Posted by OIC on October 1, 2016

fingerprint identity photo

"In order for our knowing of God’s love to be truly transformational, it must become the basis of our identity."1

Those are the words of David Benner as written in his book The Gift of Being Yourself: The Sacred Call to Self-Discovery. A first glance at the book’s title might give one the impression that this is a me first, self-obsessed form of Christian psychology—yes, Benner is a psychologist. Yet for all of us who sense that we suffer from some degree of narcissism, Benner’s thoughtful insight promotes release from this heavy burden of self-absorption.

Benner mentions the word “identity.” He states that “our identity is who we experience ourselves to be—the I each of us carry within.”2 Over the course of my lifetime, I have had my identity vested in persons, places and things.

I remember my daughter calling me not long ago to share that she had just received a raise in pay. I was so happy for her, and also amusingly happy for myself. It was if her employer had just given me the raise. Even though I am not capable of doing her job, her present satisfaction had somehow become mine. The people, whom she works for, those who evaluate her job performance, don’t know who I am; however, their judgment of her somehow affects me personally. Oh yes, the raise—what wonderful people to work for!

I find my identity bound up in people groups, even though I have no tangible association with the group. I have held more than a casual interest in the Green Bay Packers ever since I sat on the living room sofa as a young boy with my dad watching the television as the Pack played against the Rams. They won that day. Over the years, a win for the Packers has been a win for me. I can’t run, can’t jump, and doubt that I could survive a series of downs without serious injury. But I do experience some degree of jubilation in every Packer touchdown and victory.

There have been countless things on my life’s journey from which I have sought my identity. David Benner speaks to Jesus’ identity being rooted in loving relationship with his Father. I imagine Jesus in willful surrender to his Father, availing himself to the Father’s ongoing adoration. Strangely enough, I can remember all too often when I have been resistant to such an identity, instead choosing to find satisfaction through other means.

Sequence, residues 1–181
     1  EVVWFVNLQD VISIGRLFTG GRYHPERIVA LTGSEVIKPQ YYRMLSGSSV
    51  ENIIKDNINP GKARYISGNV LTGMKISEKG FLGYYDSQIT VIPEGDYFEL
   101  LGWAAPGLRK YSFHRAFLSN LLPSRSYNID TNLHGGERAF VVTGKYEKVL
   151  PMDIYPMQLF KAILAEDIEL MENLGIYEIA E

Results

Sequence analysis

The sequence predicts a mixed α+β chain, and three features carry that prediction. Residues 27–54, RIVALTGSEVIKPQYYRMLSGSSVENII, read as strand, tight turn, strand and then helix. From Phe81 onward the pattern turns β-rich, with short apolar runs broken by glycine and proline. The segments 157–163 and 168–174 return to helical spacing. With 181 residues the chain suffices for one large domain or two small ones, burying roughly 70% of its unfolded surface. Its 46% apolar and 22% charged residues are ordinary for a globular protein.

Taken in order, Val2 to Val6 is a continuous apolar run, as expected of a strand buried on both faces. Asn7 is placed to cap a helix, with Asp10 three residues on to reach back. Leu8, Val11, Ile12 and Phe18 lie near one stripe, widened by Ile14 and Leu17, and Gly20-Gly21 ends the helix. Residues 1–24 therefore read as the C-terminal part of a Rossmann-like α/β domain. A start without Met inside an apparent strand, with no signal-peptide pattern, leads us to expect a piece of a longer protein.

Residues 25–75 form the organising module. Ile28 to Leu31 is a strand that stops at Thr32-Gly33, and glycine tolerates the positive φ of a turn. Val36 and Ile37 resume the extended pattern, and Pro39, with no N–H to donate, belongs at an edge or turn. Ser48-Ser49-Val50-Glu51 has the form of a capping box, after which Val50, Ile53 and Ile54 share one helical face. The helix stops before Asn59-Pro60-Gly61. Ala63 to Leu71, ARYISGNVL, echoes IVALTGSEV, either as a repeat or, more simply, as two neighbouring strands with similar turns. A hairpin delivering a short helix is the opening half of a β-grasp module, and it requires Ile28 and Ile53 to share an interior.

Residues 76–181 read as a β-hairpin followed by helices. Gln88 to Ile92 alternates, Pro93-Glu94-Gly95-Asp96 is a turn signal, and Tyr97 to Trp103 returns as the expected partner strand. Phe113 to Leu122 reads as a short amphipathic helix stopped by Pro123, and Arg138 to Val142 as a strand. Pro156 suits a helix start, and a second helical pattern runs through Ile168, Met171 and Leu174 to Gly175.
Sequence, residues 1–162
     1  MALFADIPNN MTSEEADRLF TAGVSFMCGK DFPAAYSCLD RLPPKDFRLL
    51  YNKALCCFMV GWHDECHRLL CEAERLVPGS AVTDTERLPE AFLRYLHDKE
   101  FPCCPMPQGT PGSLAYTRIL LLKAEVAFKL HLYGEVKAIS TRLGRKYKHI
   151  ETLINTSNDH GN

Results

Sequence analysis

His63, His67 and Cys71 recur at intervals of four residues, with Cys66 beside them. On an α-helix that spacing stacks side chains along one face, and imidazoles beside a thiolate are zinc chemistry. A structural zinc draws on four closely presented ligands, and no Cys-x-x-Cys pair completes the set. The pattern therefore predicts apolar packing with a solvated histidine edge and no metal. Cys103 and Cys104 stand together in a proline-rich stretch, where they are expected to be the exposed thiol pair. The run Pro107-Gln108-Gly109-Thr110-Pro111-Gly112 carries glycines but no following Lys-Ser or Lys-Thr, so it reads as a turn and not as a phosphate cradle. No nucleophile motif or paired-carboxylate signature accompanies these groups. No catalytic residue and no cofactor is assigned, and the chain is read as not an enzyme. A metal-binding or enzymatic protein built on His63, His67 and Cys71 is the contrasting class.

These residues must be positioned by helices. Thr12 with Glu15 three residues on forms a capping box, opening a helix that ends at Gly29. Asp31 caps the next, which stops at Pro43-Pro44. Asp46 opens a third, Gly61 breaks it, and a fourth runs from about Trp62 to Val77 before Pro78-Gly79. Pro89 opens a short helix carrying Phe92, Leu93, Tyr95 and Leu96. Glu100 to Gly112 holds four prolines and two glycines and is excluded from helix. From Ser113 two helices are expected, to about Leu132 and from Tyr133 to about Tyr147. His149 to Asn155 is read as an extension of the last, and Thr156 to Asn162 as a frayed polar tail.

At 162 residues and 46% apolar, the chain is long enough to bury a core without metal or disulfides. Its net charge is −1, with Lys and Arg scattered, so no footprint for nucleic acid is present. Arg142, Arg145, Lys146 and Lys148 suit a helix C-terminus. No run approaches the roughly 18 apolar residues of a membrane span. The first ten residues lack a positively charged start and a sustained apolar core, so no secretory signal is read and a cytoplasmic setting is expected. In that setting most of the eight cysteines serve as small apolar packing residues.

Jesus prayed to his Father: "I have made known to them your name, and I will continue to make it known, that the love with which you have loved me may be in them, and I in them.”3

  • Take a moment to reflect upon the meaning of Jesus’ prayer.
  • Then reflect upon what it is like to be deeply loved by God.

Jesus’ prayer confirms that those who did take notice of him, and who will take notice of him, know exactly who God is like. They come to know God, the Creator of all things, as the Father Jesus knows—as dearly beloved. I have discovered that this is where my deepest and truest identity lies—in my relationship with this God who is head-over-heels in love with me. This kind of knowing is not about having more facts about God, but derived from personal interaction with him.

To aid me in this personal interaction with my heavenly Father and Jesus, in whom my identity resides, I turn to a spiritual discipline called the breath prayer. I mentioned earlier that I have a resistance at times to the Father’s love and adoration. I find the breath prayer a means of grace to help quiet the clamoring noises in my head which fuel my resistance to God and distort my true identity. In this breath prayer, I sense a desire to surrender and receive the love of God.


  • Find a comfortable place to rest.
  • Begin by pondering the nearness of God.
  • Settle into the truth that Christ is in you.
  • Slowly breathe in the words “Lord Jesus,”
  • Now slowly exhale the desire “Have mercy upon me.”
  • Repeat breathing in this manner until your resistance to God begins to subside.
  • Now slowly breathe in the word, “Abba,”
  • Slowly exhale the truth: “I belong to you.”
  • Repeat breathing in this manner for as long as you like.4

—John Novick

1 Benner, David G.. The Gift of Being Yourself: The Sacred Call to Self-Discovery (The Spiritual Journey) (Kindle Location 507). InterVarsity Press. Kindle Edition.

2Ibid., 507-508.

3English Standard Bible, John 17:26

4Adapted from Adele Calhoun. Spiritual Disciplines Handbook: Practices That Transform Us (Kindle Location 5211). InterVarsity Press.

John Novick has served in pastoral ministry for 25 years.